of story serves two propagandist purposes. First, it provides a kind of
justification for Obama’s betrayal of Israel at the UN Security Council over
settlements last month; second, it nods at the old NeverTrump claim that
Trump would never keep his word to conservatives.
just one problem: the story is false.
the exact wording of the White House statement on Thursday (emphasis added):
The American desire for
peace between the Israelis and the Palestinians has remained unchanged for 50
years. While we don’t believe the existence of settlements is an impediment to
peace, the construction of new settlements or the expansion of existing
settlements beyond their current borders may not
be helpful in achieving that goal. As the President has expressed many
times, he hopes to achieve peace throughout the Middle East region. The Trump
administration has not taken an official position on settlement activity and
looks forward to continuing discussions, including with Prime Minister Netanyahu
when he visits with President Trump later this month.
The New York Times pounced on the phrase “may not be
In the most startling
shift, the White House issued an unexpected statement appealing to the Israeli
government not to expand the construction of Jewish settlements beyond their
current borders in East Jerusalem and the West Bank. Such expansion, it said,
“may not be helpful in achieving” the goal of peace.
statement is only “startling” if one is unaware of the history and geography
of the region. In fact, the statement tacitly
accepts all existing settlements. (One wonders when the penny will
drop, and when the Times editorial page
will attack Trump for provoking Middle East tensions with the same statement.)
too, that Obama insisted on a complete “settlement freeze,” including
expansion within existing settlements, and later allowed the UN Security
Council to declare the entire Israeli presence beyond the “1967 lines”
— including the Jewish Quarter of the Old City of Jerusalem — a “flagrant
violation” of international law. The Trump administration’s statement is a complete
reversal of the Obama administration’s policy.
scholar Eugene Kontorovich explains:
The White House Press
Secretary’s statement about settlement building is a huge change of policy, in
which the U.S. broadly accepts all building within settlements, including those
settlements outside of “blocs.” This is huge.
In the statement, the White
House says the building of entirely “new settlements” is not great (but not
sharply criticized). On the other hand, building “within existing settlement
lines,” ie municipal boundaries, is totally OK. Since all building for 20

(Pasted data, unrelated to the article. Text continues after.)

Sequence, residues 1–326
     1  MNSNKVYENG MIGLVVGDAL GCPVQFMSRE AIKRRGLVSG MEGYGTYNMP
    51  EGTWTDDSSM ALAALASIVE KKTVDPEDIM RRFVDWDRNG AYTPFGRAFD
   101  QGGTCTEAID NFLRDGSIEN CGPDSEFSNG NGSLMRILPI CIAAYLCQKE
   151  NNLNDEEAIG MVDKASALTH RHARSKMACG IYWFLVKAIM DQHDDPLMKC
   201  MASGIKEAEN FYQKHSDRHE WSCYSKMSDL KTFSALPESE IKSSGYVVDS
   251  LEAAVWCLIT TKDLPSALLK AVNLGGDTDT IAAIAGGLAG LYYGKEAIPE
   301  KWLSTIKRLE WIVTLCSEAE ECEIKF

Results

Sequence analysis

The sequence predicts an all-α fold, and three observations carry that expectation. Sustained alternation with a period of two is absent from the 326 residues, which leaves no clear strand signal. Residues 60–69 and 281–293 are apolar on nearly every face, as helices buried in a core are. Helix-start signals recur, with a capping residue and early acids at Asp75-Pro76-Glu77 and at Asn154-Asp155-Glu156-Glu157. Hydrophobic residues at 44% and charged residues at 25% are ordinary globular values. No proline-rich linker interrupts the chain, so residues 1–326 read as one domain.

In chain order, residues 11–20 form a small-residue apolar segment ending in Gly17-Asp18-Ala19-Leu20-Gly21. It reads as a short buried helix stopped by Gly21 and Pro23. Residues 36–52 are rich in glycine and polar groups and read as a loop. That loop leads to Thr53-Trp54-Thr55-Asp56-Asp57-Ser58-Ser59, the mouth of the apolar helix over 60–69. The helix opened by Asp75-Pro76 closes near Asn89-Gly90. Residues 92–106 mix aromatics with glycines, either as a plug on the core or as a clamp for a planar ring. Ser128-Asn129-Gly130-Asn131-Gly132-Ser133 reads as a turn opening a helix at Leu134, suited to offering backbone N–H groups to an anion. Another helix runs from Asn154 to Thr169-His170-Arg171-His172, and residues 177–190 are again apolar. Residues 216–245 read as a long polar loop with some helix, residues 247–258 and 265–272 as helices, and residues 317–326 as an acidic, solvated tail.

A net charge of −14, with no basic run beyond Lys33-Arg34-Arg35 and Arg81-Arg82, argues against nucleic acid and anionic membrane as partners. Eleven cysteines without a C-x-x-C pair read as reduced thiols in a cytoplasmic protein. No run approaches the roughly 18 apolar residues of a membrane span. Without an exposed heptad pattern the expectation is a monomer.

years has been within existing lines, and all planned building is within
existing lines, this is as big an authorization as it gets.
This is such a big deal,
that the press is trying to spin it as a limitation on settlement activity,
whereas it is a broad and historic green light. It can no longer be said that
the US opposes settlement building.
the White House deliberately spun the statement as a limitation to fool the
media. That is not hard to do, and it is to President Trump’s benefit, as
a negotiating tactic, to appear unpredictable — aggressive one moment,
compromising the next.
the Trump administration has just signaled its intent to back a permanent
Jewish presence in eastern Jerusalem and Judea and Samaria (the West Bank), with
or without a Palestinian state. The Palestinians will see what the Times missed.
The Times makes several other slips in its effort to liken
Trump’s policy to Obama’s. It claims that UN Ambassador Nikki Haley was
emulating her predecessor, Samantha Power, when she talked tough about Russia
this week — as if the Obama administration ever made a serious effort to
confront Russian ambitions in Eastern Europe, diplomatically or otherwise. And
on the Iran deal the Times reports that the
administration has “shown no indication that it plans to rip up Mr. Obama’s
landmark nuclear deal.” In fact, Trump’s policy from
a very early stage was to beat Iran through harsh enforcement: “I
would police that contract so tough that they don’t have a chance,” he said
in August 2015 on NBC News’ Meet the Press.
Trump is treading carefully in the Middle East. But he is taking a different
path than his predecessors. And the mainstream media, more eager to score
political points than to report the news, are setting themselves up for failure